Mitchell: Pioneering Secret Service agent asks Obama for justice

SHARE Mitchell: Pioneering Secret Service agent asks Obama for justice

Abraham Bolden at his home. Mary Mitchell / Sun-Times

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Abraham Bolden Sr. lives quietly in the same West Englewood house he has lived in for nearly half a century.

It is where his three children were raised and where, after 49 years of marriage, his beloved wife, Barbara, passed away.

Passersby wouldn’t have a clue that Bolden has a special place in the nation’s history.

Bolden was the first African-American U.S. Secret Service agent assigned to a White House detail. The historic opportunity came at the height of the civil rights movement, when John F. Kennedy was elected to the White House.

The honor became a curse, though, after Bolden complained about other agents’ behavior.

After he threatened to make his complaints public, Bolden found himself charged with bribery in a counterfeiting case. He was convicted and sentenced to six years in jail.


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“The Echo From Dealey Plaza,” a memoir written by Bolden in 2008, traces his journey.

“I realized I was walking into a historical situation — not only black history, but United States history,” Bolden said in an interview at his home. “But it didn’t turn out like I thought it would because I found surrounding the president were diehard racists.

“There were a few on the detail who were from the Southern part of the United States, and they hated [Kennedy’s] guts,” he said.

Bolden recalled the day in 1961 when he met Kennedy.

“When the president came to Chicago, they took my assignment, which would have been near the podium where he was speaking, and stationed me in front of a washroom in McCormick Place,” Bolden said.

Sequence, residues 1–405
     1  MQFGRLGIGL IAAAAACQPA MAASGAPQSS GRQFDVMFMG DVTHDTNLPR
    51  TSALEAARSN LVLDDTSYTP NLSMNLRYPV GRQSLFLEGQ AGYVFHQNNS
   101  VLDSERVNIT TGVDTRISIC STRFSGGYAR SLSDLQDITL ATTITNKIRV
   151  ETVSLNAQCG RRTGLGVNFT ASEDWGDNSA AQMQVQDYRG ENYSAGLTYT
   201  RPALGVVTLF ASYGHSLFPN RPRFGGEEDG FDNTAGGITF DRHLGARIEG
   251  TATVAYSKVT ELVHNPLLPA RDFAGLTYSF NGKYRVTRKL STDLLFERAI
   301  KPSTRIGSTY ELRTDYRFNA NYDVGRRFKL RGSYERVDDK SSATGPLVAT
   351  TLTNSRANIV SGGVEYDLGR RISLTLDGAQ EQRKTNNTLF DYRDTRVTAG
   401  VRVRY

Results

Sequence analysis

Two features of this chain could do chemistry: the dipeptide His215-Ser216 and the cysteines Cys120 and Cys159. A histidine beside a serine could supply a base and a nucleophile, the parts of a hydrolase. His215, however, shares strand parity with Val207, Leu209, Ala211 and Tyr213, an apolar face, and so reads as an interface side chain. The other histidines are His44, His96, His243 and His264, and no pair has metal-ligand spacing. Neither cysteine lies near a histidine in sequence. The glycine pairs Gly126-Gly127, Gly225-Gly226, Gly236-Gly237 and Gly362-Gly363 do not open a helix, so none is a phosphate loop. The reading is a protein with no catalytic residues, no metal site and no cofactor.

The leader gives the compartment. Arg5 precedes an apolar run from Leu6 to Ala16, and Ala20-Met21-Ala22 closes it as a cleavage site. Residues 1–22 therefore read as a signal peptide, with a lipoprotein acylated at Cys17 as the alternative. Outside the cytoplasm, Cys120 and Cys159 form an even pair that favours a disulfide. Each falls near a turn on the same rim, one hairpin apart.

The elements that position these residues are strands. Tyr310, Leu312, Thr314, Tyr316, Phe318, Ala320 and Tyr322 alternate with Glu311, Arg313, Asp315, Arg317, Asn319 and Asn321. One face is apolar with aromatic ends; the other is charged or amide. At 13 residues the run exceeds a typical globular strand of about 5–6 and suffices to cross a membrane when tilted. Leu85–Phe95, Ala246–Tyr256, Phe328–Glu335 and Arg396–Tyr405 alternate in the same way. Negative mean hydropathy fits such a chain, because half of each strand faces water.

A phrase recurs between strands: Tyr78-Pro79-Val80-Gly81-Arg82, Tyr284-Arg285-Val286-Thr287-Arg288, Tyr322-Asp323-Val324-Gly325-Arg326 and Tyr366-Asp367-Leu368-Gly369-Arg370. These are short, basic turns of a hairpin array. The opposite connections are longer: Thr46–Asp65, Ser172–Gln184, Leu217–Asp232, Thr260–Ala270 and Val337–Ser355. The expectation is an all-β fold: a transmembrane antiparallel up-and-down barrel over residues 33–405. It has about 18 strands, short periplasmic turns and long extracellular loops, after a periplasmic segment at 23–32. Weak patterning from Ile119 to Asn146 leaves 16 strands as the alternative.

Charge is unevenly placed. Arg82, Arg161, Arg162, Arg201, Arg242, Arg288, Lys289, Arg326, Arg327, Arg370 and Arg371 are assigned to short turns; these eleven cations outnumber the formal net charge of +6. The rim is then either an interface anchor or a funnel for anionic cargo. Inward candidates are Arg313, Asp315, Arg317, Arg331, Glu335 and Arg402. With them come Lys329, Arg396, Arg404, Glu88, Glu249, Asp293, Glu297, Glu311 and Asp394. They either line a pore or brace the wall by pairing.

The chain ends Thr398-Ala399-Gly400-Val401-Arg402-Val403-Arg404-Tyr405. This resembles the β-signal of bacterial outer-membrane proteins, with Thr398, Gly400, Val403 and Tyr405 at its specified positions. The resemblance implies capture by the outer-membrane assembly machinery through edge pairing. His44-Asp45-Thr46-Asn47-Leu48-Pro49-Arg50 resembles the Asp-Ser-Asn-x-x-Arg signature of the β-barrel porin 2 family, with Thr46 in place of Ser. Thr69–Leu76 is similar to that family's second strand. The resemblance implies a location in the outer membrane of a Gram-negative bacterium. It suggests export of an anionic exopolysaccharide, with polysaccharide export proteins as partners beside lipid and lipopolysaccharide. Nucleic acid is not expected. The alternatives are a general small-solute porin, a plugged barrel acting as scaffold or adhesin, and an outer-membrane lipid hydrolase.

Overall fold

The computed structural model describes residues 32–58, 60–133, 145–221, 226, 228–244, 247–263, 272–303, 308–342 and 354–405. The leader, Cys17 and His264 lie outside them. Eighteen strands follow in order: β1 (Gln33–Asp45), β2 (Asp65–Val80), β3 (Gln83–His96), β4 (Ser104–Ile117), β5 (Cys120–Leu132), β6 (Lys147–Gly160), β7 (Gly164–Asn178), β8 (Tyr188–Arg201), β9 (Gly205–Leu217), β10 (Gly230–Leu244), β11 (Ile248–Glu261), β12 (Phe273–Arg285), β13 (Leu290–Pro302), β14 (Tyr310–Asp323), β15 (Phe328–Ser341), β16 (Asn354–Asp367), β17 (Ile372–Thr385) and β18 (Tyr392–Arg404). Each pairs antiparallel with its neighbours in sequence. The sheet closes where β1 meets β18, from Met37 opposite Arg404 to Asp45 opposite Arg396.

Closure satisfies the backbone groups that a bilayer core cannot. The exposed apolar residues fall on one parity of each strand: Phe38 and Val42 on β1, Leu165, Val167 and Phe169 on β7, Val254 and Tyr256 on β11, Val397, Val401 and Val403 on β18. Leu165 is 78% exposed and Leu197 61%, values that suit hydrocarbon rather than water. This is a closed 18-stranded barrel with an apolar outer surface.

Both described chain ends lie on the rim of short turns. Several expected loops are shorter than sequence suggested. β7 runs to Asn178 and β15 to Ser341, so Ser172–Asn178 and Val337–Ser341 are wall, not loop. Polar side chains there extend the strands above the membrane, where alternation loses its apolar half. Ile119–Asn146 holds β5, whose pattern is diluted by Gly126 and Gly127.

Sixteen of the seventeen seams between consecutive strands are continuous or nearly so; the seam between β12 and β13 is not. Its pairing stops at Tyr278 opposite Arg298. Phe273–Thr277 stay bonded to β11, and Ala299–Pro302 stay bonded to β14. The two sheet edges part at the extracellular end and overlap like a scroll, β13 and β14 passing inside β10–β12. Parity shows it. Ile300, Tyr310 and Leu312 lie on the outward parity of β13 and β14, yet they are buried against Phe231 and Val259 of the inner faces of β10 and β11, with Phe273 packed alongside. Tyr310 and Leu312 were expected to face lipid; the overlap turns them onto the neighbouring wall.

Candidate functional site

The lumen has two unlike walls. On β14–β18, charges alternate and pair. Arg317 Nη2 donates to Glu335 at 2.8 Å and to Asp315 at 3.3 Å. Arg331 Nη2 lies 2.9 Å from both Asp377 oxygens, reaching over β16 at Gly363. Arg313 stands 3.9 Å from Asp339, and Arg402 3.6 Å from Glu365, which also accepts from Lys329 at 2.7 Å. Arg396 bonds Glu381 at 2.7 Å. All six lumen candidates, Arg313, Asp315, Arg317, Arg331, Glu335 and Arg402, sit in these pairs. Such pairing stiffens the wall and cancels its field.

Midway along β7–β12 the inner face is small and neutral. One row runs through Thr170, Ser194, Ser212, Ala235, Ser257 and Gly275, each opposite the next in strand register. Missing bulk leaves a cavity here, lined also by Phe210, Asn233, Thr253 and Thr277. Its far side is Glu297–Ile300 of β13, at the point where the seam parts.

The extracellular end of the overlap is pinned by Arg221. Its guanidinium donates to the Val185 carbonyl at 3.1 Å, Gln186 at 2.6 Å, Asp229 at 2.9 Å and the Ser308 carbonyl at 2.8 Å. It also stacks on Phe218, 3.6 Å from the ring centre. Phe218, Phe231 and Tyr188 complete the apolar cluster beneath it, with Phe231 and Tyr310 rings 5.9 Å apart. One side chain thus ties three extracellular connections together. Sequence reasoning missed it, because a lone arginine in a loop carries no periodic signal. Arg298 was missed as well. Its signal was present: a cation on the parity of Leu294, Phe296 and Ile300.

“But the first thing [Kennedy] wanted to do was use the washroom — and there I stood.”

The memory of the encounter makes Bolden beam.

“The president stopped right in front of me, and he asked me if I was a Secret Service agent or one of Mayor Daley’s finest,” Bolden recalled.

“Mr. Bolden, has there ever been any African-American Secret Service agents assigned to the White House in DC?” Bolden said the president asked.

“I said not to my knowledge. And the president, he point-blank looked me in the eye, and he said, ‘Would you like to be the first?’ ”

But it wasn’t long after Bolden arrived in Washington, D.C., that he started having concerns.

“There were a few agents who were very much against the president,” Bolden told me. “They wanted him to fail, much like we have people who wanted Obama to fail.

“They hated him. They didn’t want him in office.

“When we went to Hyannis Port, I noticed the security issues. I heard conversations by agents who said they would not do their job if an assassin would try to assassinate President Kennedy. I heard these conversations with my own ears.”

Suspended Secret Service Agent Abraham Bolden, then 29, before a court appearance after being charged with trying to sell prosecution documents to a counterfeiting defendant for $50,000.

Suspended Secret Service Agent Abraham Bolden, then 29, before a court appearance after being charged with trying to sell prosecution documents to a counterfeiting defendant for $50,000. AP file photo

AP file

He complained about agents coming to work after staying up all night drinking and about them bringing prostitutes into the living quarters.

When Bolden threatened to publicly disclose his peers’ behavior, he was arrested on bribery charges. After the jury deadlocked, resulting in a mistrial, he was convicted at a second trial — during which a key witness would later admit he perjured himself — and sentenced to serve six years in prison.

“What I want is a pardon and expungement,” he said. “I want that conviction taken off of my record. That is what I want.”

His lawyers sent a pardon package to President Barack Obama and the U.S. pardon attorney in March, but, other than a form letter, Bolden hasn’t heard a word.

Presidents Bill Clinton and Richard Nixon denied Bolden’s petition.

Still, Bolden said he has no plan to confess or to show contrition for a crime he did not commit.

“I would rather die than say I did something that I didn’t do,” Bolden said. “I’m 81 years old now. I think that there is enough proof of my innocence out there. Eventually, whether or not the president acts — which I would like him to act — my name will be cleared.”

Hopefully, given all Obama now knows about the shortcomings of the U.S. Secret Service, he will take a fresh look at Bolden’s petition.

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